In 2018, could you imagine a public school mandating that female students be required to take a pregnancy test twice a year? Can you also conceive that a positive pregnancy result would cause her to be kicked out of public school for good? This is exactly what is happening to black girls in Tanzania. Using a morality clause from a 2002 education law, Tanzania has the ability to expel pregnant students from school and no longer provide them with a public education.
The practice dates back to the 1960’s, but their President John Pombe Magufuli, who was elected in 2015, has begun enforcing this archaic and ill-conceived law since taking office. The country’s previous administration had worked to create a policy that would have allowed teenage mothers to return to school.
But before we shake our heads in disbelief, let’s remember that we have made some pretty bad decisions in the United States about dealing with pregnant girls, as well. Many of us are old enough to recall when a pregnancy of a school-aged girl made her a pariah. She was branded with her own version of a scarlet letter, put out of school, and ostracized by the community. These pregnancies were hidden when possible but often resulted in girls being sent away to give birth in secret.
Particularly troubling about both Tanzania and how we have viewed these pregnancies here in the U.S., is the implied assumption that these pregnancies were the result of consensual relationships. Yet, given the information we now know about the rate of sexual assault, both domestically and abroad, through policies such as these, girls are often being re-victimized. It is estimated that nearly 20% of Tanzanian women have experienced sexual violence. In the U.S, 1 out of 6 American women have been the victim of an attempted or completed sexual assault. Since 1998, according to the Rape, Abuse & Incest National Network (RAINN), which is the nation’s largest anti-sexual violence organization, an estimated 17.7 million American women had been victims of attempted or completed rape.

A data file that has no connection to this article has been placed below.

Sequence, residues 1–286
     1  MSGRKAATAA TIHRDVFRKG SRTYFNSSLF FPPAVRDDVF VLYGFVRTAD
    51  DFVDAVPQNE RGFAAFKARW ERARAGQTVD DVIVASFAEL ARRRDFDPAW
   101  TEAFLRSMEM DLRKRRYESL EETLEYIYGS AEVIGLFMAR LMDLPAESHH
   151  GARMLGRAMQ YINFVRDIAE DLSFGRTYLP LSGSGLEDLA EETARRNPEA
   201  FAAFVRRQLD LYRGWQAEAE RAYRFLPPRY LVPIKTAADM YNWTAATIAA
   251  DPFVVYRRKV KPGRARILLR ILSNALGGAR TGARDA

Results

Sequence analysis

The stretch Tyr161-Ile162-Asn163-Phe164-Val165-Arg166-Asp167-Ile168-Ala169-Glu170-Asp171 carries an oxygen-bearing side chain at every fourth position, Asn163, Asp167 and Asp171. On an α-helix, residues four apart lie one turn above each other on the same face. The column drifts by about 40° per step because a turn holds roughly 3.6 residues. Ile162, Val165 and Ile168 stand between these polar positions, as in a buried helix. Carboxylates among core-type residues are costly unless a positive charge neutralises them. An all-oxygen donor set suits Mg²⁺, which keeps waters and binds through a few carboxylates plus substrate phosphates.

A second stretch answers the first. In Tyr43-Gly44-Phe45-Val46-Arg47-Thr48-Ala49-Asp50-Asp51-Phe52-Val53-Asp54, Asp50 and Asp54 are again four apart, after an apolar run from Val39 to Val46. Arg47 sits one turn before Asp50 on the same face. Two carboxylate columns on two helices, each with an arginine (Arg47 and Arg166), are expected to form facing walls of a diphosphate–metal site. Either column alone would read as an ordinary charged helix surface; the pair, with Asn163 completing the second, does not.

It has been lost on far too many, that in most countries, a 16-year-old can’t legally consent to sex. So as opposed to referring to cases of “teen pregnancies,” seldom do we discuss them as incidents of “statutory rape.” Of course, we know that teens will have sex and with a lack of education and resources, pregnancies are likely to occur. That’s why it is even more stunning that in Tanzania, the government ordered the suspension of family planning advertisements on both television and radio. In addition, sex education is not a part of the national curriculum.
As we debate a number of issues in America, surrounding a woman’s reproductive health and rights, immigration policy and who deserves to enter this country, there is so much at stake. When we talk about restoring this nation to a former perceived period of “greatness,” the likelihood is that it wasn’t great for everyone. The shift, in Tanzanian policy about pregnant girls being permanently expelled from school, was the result of voting a different administration into office. I hope you remember that on November 6.